Since the Hebrew Scriptures close with the prophet Malachi foretelling of a Messenger from God who would appear before the Messiah, and Jesusâ ministry begins with John the Baptist calling the nation to repentance, most Christians assume that the intervening period of about four centuries includes little that is of any spiritual or Biblical significance. While this era is accurately known as the âsilent yearsâ in that no prophetic voice from God is heard during this time, it is a mistake for Christians to think of it as unimportant. Many of the prophetic visions of Daniel play out during this time. Most notably, the incredible and swift ascendancy of Alexander the Great and the kingdom of Greece to worldwide prominence. This period also sets the backdrop for the events that led to the Jewish holiday of Hanukkah. Both stories are tied together and hold important lessons for Christians.
In addition to military dominance, Alexander successfully inculcated the Greek language, culture, and general worldview into most of the known world. He also adopted mostly benign, even benevolent policies toward the Jews in their newly restored homeland. For the most part, Jews in Israel and beyond enjoyed a certain degree of liberty and prosperity. But the acquiescence in some of the advances of Hellenism would soon develop into acceptance of some of the most offensive elements of Paganism. After Alexanderâs death and the fragmentation of his kingdom, Antiochus Epiphanes came to power and sought to impose Greek culture upon Godâs people. That he became largely successful in doing so is not the most disturbing part of the narrative.
Two deeply regrettable facts stand out as the real tragedies of the assimilation of Godâs people into the Pagan worldâ¦The first is that far too many Jews seemed to have no problem blending Greek culture, ideas, and even religion with their own. Secondly, the Seleucid ruler was not content to imbue Jewish life with Hellenistic traditions, he sought to eliminate every meaningful aspect of Torah observance from Judaism. Torah scrolls were outlawed and burned, sacrifices were stopped and an idol erected on the altar, a pig was sacrificed on the temple grounds and violence was carried out against Jews who practiced their religion.
It is in this milieu that an aged priest on the outskirts of Jerusalem begins a historic uprising. A priest named Mattathias, unwilling to forsake the Law or compromise with the ungodly ingresses of Hellenism in matters of his faith, refuses an order from the Seleucid officer to offer pagan sacrifices. Then, when a fellow Jew ascends the altar to comply, Mattathias kills him on the altar, then dispatches Antiochusâ officer and recedes to the hills of Judea where he and his five sons initiate a protracted series of guerilla assaults on the Syro-Phoenician forces of Antiochus. These exploits-led mainly by the young son of Mattathias, Judas Maccabeus (âthe Hammerâ)- are recorded in the non-canonical books of 1 and 2 Maccabees. Eventually, under the inspired leadership of this priestly family, the Jews won back their religious freedom and restored temple worship. It is this amazing victory of a small band of untrained religious servants and the subsequent re-dedication of the Jerusalem Temple that led to the annual Jewish celebration of Hanukkah (Celebrated by Jesus in John 10 where it is known as the Feast of Dedication). Later Rabbinic legend states that there was only enough oil in the temple menorah to light the candles for one day, but the oil miraculously burned for eight days during the purification. Hence, Hanukkah, or the Feast of Dedication was born.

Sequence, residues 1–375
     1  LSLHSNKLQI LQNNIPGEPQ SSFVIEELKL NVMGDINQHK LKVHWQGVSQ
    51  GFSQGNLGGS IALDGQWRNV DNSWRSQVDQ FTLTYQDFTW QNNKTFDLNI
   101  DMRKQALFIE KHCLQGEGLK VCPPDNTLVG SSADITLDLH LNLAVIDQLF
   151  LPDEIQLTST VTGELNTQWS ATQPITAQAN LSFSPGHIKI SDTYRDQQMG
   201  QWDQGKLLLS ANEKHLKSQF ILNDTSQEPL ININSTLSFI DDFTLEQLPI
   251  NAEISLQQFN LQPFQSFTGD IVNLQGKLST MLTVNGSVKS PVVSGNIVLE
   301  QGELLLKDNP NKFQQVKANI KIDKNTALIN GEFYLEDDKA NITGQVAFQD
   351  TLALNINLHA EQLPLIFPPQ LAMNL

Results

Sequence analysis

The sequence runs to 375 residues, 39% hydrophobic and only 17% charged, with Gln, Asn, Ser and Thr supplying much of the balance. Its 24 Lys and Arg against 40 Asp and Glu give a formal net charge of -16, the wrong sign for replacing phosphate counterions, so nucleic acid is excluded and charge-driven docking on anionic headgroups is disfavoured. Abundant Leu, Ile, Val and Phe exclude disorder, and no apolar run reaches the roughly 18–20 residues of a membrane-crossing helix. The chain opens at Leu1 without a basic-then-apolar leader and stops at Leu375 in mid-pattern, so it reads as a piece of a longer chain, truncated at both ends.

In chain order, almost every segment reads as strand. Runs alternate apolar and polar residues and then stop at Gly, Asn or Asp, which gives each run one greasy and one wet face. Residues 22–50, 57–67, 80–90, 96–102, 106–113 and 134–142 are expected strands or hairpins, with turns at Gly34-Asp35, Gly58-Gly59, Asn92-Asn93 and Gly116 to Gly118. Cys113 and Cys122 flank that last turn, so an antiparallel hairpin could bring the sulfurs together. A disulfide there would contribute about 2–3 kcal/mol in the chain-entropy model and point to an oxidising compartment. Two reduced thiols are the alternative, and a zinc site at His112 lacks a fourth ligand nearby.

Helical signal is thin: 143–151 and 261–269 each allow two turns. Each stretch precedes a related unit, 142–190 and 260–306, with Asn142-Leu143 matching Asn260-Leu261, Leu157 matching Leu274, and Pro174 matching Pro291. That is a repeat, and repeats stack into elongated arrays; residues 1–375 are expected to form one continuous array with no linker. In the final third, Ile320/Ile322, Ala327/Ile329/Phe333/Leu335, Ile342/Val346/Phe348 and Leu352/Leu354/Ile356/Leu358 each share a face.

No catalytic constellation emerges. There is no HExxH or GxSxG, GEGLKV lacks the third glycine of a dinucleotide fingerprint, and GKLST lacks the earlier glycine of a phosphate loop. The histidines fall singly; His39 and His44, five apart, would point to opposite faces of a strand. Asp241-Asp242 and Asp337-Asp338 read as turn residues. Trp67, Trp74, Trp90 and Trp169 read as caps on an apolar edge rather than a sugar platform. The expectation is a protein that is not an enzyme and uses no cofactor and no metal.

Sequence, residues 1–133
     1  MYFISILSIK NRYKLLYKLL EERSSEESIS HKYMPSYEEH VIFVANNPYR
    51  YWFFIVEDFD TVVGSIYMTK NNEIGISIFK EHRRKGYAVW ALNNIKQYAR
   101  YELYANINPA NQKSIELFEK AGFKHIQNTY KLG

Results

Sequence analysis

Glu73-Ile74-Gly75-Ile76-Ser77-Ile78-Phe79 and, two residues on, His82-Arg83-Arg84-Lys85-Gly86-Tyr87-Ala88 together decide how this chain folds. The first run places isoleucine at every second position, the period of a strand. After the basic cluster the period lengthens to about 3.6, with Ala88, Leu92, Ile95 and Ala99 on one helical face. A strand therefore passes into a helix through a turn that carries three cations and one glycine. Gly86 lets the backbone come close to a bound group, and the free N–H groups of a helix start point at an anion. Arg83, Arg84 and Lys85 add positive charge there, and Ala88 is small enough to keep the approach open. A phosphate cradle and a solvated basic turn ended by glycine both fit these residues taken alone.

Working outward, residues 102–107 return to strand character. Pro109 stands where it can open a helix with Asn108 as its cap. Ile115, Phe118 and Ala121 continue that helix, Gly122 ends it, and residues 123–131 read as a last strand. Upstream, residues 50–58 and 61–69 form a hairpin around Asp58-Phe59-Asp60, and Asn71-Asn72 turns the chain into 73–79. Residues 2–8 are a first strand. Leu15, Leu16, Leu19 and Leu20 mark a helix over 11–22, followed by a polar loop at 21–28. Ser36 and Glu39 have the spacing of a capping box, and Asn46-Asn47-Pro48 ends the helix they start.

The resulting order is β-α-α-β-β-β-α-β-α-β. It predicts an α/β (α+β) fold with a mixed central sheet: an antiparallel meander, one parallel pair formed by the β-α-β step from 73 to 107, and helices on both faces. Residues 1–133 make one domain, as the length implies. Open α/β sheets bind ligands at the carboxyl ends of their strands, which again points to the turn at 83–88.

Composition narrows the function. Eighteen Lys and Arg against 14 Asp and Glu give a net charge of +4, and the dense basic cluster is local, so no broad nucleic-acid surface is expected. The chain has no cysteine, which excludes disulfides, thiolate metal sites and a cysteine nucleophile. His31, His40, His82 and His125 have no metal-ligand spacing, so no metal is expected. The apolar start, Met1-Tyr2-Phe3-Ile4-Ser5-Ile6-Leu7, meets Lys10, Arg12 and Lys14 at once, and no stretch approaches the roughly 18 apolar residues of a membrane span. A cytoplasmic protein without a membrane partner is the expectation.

Silent years? Perhaps. But without question, these times were religiously charged and Biblically significant. The greatest spiritual significance to all this, is that Daniel prophesied almost all of it with devastating accuracy centuries before the events occurred; mainly in chapters 8 and 11 of his book. Much of Danielâs prophecy, however, applies not only to this historical time period, but also to the last days and the coming of the Messiah. This is one reason why Jesus refers directly to Daniel when he warns his disciples about the âAbomination of Desolationâ (Matt 24:15) in His main discourse about what the last days would be like before His return.
In other words, if the events of the Maccabees are to be replayed in the last days, then Christians should learn the lessons of the Maccabean revolt in order to stand faithful in those days. With Antiochus serving as a major foreshadowing of the Antichrist who is to come, then it will behoove us to be mindful of his tactics so that we can prepare our families, our churches, and ourselves to recognize his schemes.
With this in mind it is helpful to recall how all of this got startedâ¦Much of it came about through Alexanderâs steady imposition of Hellenistic culture onto the Hebrew culture. But, more than this, it was the willingness on the part of Godâs people to compromise with such a cultural advance that planted the seeds of destruction. There was one glaring example of the Greek cultural invasion that emerges as emblematic of the shift from a Hebraic framework of everyday life to a Hellenistic one. Of all things, a gymnastic stadium came to be built near the Temple mount with sanction from corrupt members of the priesthood.